Understanding what sexual harassment in California is and what to do about it can help protect employees.
The U.S. Equal Employment Opportunity Commission acknowledges that sexual harassment in the workplace is a serious issue. The commission notes that of the 19,605 claims women filed in 2014, two of the most frequently cited charges was harassment or sexual harassment. Though many people think of victims of harassment as women, it is important to point out, however, that both men and women in California can suffer sexual harassment.
Many times, people either may not realize they have been harassed, or they are unsure of what to do when it happens. Gaining some clarity on the issue can ensure a safe and hospitable environment.
What is sexual harassment?
In California, the Fair Employment and Housing Act sets the standard for what sexual harassment is. Generally, as the California Department of Fair employment and Housing states, any visual, physical or verbal sexual conduct could be considered harassment, as well as any unwanted sexual advance.
In other words, any of the following may be considered sexual harassment:
- Making sexual gestures
- Displaying pictures or content that is sexual in nature
- Impeding someone from moving
- Making derogatory jokes or comments
- Requesting sexual favors in exchange for certain workplace benefits
These are just a few of the items that someone may experience. Anyone who feels uncomfortable with something sexual in nature has possibly encountered sexual harassment.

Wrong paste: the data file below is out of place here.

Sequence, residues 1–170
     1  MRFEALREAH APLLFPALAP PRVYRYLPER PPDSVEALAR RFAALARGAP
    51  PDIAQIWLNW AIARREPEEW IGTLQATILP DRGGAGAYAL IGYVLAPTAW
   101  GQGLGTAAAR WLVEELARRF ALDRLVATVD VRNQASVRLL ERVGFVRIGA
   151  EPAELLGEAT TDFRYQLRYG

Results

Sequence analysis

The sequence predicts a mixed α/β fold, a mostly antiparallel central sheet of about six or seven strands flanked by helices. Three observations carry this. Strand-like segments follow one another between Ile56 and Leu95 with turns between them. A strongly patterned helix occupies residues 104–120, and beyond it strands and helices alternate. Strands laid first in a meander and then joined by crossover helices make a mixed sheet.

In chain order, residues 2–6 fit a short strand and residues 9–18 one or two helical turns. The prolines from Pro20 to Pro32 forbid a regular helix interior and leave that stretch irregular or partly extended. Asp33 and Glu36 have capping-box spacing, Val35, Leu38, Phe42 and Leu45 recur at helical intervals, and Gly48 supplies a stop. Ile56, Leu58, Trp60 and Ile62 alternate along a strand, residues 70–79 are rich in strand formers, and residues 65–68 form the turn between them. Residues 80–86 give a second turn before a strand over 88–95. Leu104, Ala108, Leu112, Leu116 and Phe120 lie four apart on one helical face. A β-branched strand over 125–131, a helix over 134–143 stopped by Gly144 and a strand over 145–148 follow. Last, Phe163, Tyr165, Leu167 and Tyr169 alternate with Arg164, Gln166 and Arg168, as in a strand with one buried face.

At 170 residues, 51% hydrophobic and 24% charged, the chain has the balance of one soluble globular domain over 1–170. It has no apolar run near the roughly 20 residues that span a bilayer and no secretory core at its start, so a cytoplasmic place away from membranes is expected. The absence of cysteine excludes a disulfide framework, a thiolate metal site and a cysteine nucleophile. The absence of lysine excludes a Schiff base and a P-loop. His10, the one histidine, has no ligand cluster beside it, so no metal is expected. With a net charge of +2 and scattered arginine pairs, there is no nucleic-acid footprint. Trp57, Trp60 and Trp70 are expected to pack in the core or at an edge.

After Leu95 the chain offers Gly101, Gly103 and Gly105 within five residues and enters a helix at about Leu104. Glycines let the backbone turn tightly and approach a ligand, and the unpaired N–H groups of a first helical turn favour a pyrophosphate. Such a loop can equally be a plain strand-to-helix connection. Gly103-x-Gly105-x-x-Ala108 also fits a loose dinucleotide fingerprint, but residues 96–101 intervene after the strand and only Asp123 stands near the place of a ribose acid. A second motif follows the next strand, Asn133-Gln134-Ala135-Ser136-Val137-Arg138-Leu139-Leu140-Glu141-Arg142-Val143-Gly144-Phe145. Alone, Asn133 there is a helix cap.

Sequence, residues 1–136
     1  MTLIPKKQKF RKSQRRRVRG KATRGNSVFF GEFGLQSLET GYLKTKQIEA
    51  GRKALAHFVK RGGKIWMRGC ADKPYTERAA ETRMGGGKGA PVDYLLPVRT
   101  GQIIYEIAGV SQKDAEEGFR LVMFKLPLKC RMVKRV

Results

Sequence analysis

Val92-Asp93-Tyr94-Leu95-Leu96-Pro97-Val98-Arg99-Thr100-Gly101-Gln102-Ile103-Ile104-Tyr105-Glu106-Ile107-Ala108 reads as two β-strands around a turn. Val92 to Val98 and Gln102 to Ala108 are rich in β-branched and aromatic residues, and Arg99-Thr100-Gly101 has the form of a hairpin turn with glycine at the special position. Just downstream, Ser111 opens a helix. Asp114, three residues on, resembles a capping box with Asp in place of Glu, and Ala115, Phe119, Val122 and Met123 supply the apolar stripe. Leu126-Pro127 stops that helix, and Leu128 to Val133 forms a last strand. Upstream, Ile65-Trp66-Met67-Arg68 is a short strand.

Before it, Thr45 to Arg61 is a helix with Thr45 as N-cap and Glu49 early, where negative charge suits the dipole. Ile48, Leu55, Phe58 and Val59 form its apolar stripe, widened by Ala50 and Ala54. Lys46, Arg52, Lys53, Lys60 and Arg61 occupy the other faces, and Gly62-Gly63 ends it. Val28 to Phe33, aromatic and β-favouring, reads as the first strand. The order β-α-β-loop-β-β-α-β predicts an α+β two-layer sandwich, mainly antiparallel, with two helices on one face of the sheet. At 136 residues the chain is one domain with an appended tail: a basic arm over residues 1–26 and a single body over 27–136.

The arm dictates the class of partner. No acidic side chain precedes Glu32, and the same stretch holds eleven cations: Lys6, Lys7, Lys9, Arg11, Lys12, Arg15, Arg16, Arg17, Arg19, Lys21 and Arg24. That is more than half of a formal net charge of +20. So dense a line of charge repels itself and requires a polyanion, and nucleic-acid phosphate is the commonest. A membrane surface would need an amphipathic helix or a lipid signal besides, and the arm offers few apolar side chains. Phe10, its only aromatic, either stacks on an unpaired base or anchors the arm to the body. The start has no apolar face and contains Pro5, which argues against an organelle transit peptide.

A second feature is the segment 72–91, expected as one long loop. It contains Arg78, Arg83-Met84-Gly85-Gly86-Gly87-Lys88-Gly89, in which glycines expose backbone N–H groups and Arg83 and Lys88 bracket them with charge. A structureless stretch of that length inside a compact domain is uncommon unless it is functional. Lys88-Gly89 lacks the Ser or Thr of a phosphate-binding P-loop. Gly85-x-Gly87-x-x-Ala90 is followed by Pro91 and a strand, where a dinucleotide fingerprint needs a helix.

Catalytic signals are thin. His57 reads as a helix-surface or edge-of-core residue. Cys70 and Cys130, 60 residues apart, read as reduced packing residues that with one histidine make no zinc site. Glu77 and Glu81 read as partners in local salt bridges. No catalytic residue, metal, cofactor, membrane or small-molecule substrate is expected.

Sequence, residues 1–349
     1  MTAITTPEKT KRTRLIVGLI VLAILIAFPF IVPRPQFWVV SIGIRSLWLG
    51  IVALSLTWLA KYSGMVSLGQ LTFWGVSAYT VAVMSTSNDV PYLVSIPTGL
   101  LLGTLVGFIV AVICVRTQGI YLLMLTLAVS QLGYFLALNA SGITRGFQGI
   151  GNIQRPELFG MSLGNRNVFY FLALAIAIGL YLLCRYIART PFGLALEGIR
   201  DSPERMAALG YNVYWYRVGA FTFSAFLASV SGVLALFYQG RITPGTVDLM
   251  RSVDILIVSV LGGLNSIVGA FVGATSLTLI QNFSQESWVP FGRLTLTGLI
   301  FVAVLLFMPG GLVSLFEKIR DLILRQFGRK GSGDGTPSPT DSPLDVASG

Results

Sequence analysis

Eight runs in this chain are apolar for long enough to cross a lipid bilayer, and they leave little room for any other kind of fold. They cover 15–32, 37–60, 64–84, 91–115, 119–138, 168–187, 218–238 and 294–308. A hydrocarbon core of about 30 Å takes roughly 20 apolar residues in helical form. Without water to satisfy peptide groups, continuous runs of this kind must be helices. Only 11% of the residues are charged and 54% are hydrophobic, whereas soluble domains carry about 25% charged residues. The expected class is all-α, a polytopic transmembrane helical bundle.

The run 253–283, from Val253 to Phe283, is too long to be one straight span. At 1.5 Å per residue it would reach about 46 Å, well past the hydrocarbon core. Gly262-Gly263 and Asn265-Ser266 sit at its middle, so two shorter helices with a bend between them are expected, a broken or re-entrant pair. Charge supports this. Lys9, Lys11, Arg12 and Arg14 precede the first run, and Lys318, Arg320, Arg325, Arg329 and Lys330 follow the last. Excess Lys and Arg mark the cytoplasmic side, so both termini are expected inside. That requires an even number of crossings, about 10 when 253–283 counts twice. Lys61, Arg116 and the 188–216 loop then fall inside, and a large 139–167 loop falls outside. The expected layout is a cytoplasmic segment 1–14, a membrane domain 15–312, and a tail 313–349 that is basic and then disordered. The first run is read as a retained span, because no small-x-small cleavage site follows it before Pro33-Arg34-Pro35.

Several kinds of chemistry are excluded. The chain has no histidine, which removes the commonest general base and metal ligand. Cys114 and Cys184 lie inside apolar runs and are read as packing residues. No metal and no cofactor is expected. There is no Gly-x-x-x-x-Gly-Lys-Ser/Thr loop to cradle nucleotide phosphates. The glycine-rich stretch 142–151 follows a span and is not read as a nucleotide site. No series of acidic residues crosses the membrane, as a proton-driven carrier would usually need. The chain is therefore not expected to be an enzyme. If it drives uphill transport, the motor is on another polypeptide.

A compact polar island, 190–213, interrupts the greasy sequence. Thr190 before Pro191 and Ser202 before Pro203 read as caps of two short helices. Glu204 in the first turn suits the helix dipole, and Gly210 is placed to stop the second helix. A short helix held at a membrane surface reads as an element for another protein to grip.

What should I do if I have been harassed?
One of the immediate actions someone who has been harassed can take is to say something. In some cases, it is possible that the offender was not aware that his or her behavior was inappropriate. A conversation could address the issue and prevent it from occurring again.
When that is not enough, however, workers should contact their supervisors or human resources department. Many employers have a procedure in place for filing a report. People can expect to have to recount the event. It is also important to put any statements or timelines in writing and keep a copy of any such documents.
What if the issue still isn't resolved?
Some companies try to hide or dismiss sexual harassment claims. In these cases, it is possible to file a claim with the EEOC, which will speak the to employer on behalf of the worker. If the company still will not resolve the matter, the EEOC may provide the worker with a "right to sue" letter. Employers are considered strictly liable when their supervisors commit sexual harassment, and the individual who committed the offense could be held personally liable.
What should the company do?
Employers are supposed to prevent and address sexual harassment in the workplace. In other words, they are expected to inform employees about what the act is and how it can be prevented. According to the California DFEH, a company that has 50 or more employees is expected to provide two hours of training on the topic.
Sexual harassment can present other issues in addition to the embarrassment or anger a victim may feel. Retaliation, wrongful termination and other concerns may arise. Anyone who has questions about this issue should speak to an employment lawyer in California.